If you’re suffering from allergies more than in previous years, climate change might have something to do with it.

People may get seasonal allergies during the spring, summer and early fall, and it’s usually caused by sensitivity to airborne mold spores or to pollens from trees, grasses or weeds, the American College of Allergy, Asthma & Immunology notes. However, some people could experience symptoms year-round (called perennial allergic rhinitis ) because of indoor allergens from pets, mold, dust mites and cockroach residue, according to the American Academy of Allergy, Asthma & Immunology (AAAAI).

Read: Climate Change Impacts: American's Health Hurt By Global Warming, Doctors Say

“We know that first of all allergies are very common,” Dr. Nitin S. Damle, immediate past president of the American College of Physicians (ACP), told International Business Times,  adding allergies and asthma are tied together.

However, Damle noted there is an increased pollen count in America, and climate change is extending allergy season.

Allergies and Climate Change

“Part of it is related to climate change,” said Damle of seasonal allergies. “It gets people really super sensitized, more than in the past. It’s something that people come in with quite frequently,” he said. “Climate change is affecting the allergy season, the number of people suffering allergies and severity.”

Damle pointed to climatic events, such as flooding, increase in droughts and wildfires, more heat waves and increased air pollution all play a part in health effects, like increasing allergies, asthma and other respiratory illnesses.

Because of climate change, this allergy season has extended compared previous years, Damle said.

“The season has lengthened starting more in February versus April and May, and has gotten longer,” he said. “It would end September or October. We’re seeing it extend to November.”

However, Damle said he doesn’t think -- and hope -- the season will not continue to extend and that “the lengthening of the season will probably stay the way it is now.”

AAAAI Executive Vice President Dr. Thomas Casale also said some climatic events have contributed to a higher number of allergy cases.

“Warming trends along with increases in carbon dioxide have been associated with prolonged pollen periods,” Casale who was among the authors of the 2015 study Views of Allergy Specialists on the Health Effects of Climate Change, told International Business Times. “Climate changes can also affect ecosystems, manifested as a greater abundance of stinging and biting insects and their presence in new areas. This can be problematic for individuals allergic to stinging insects like yellow jackets, bees and wasps.”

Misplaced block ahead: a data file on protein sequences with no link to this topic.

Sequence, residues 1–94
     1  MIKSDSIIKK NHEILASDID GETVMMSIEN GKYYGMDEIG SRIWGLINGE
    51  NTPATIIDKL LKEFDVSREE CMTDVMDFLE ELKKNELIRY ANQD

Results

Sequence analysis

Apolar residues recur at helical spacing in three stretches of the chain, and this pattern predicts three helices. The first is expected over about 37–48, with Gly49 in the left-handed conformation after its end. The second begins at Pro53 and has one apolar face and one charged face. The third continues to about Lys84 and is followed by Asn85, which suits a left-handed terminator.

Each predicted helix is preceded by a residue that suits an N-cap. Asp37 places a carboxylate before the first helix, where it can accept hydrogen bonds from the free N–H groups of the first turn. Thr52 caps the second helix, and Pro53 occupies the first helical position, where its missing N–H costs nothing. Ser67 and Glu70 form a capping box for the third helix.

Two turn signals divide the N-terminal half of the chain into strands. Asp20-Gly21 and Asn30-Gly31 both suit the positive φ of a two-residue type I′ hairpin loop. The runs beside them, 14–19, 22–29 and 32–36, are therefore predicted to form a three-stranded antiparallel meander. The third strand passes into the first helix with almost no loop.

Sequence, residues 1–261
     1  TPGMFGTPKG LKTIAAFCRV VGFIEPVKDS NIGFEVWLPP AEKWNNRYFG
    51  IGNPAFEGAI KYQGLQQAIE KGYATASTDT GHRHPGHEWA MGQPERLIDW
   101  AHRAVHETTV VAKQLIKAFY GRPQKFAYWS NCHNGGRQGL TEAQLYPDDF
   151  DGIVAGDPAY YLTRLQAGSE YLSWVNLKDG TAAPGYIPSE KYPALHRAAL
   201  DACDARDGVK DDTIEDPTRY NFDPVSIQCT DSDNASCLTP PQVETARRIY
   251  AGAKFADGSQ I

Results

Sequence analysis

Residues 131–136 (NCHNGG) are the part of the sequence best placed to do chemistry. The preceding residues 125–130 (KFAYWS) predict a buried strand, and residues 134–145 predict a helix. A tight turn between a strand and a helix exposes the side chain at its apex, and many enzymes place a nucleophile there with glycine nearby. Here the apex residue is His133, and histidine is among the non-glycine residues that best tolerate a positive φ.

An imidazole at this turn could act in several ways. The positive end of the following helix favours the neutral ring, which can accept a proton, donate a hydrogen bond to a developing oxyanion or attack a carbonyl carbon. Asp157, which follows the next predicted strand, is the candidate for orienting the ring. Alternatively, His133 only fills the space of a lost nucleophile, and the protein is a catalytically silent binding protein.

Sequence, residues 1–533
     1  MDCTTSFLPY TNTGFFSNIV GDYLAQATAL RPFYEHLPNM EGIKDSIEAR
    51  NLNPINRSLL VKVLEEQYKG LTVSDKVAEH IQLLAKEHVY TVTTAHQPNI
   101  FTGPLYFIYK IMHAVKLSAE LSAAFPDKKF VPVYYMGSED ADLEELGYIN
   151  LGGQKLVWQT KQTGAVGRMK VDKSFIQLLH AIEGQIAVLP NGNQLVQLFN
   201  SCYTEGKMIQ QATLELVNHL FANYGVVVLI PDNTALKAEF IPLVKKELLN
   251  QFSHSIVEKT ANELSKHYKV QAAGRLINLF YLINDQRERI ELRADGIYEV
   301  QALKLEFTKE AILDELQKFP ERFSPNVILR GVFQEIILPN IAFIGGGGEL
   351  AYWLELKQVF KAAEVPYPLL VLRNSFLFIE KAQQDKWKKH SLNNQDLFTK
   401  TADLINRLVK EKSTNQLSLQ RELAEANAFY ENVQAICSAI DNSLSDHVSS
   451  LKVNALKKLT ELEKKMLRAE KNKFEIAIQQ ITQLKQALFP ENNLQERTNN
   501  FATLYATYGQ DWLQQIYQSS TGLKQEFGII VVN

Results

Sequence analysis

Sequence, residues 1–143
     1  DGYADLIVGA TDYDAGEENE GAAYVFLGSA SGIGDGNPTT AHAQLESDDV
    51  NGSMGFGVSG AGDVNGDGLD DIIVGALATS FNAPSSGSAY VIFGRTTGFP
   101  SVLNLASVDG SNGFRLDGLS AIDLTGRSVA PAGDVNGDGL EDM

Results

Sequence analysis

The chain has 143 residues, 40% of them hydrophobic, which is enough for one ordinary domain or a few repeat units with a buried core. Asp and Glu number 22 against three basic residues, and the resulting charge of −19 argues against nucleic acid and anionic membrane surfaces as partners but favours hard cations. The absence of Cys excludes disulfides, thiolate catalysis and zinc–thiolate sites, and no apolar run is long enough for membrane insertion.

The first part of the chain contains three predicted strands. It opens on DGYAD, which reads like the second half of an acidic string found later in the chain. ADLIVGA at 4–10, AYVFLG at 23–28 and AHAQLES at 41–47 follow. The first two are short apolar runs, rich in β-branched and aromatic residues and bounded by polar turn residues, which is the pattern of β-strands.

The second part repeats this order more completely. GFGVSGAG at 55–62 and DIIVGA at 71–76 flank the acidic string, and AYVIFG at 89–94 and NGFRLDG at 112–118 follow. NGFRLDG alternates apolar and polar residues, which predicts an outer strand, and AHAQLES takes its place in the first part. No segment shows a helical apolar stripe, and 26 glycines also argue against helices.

What To Do To Calm Allergy Symptoms

Damle said air pollution has a lot to do with allergies, adding that staying indoors on high pollution days is very important.

It’s also a good idea to stay indoor during times of high pollen and mold counts.

“Avoidance of outdoor activities during peak pollen times can be helpful as can staying indoors and shutting the windows and using air-conditioning,” said Casale. “For example, during ragweed season, it is best to be outdoors very early in the morning or later in the evening.”

Casale also had advice for those who tend to skip days in washing their hair.

“If you have been outdoors during peak pollen periods, wash your hair before going to sleep since the pollen sticks to your hair.”

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Damle and Casale also recommend seeing an allergist. Damle said you should get your skin tested to see what kind of allergy you have since some people are allergic to certain things, such as weeds, fungus, grass and other plants. The allergist will be able to give you a shot when he or she has identified the allergen to alleviate your symptoms. However, Damle said cases like that are not that common.

“Seeing an allergist/immunologist to determine exactly what you are allergic to can be helpful,” said Casale. “Allergists can consul you as to appropriate times to avoid outdoor exposures and provide a comprehensive medical plan including allergy immunotherapy, or allergy shots.”

Damle also recommended nasal sprays like Flonase, which is available over the counter. Flonase is a spray used once a day and temporarily may relieve allergy symptoms, such as nasal congestion, runny nose and sneezing. Daily pills like Singulair could also help with symptoms.

Casale said there are many over-the-counter medications that can help those suffering from allergies, including nonsedating antihistamines and intranasal corticosteroids.

You should also be aware of your surroundings by paying attention to what you have in your house or at work.

“Watch your environment, what you have in your house, the carpet, bedding, pets, those are things you should be avoiding,” said Damle.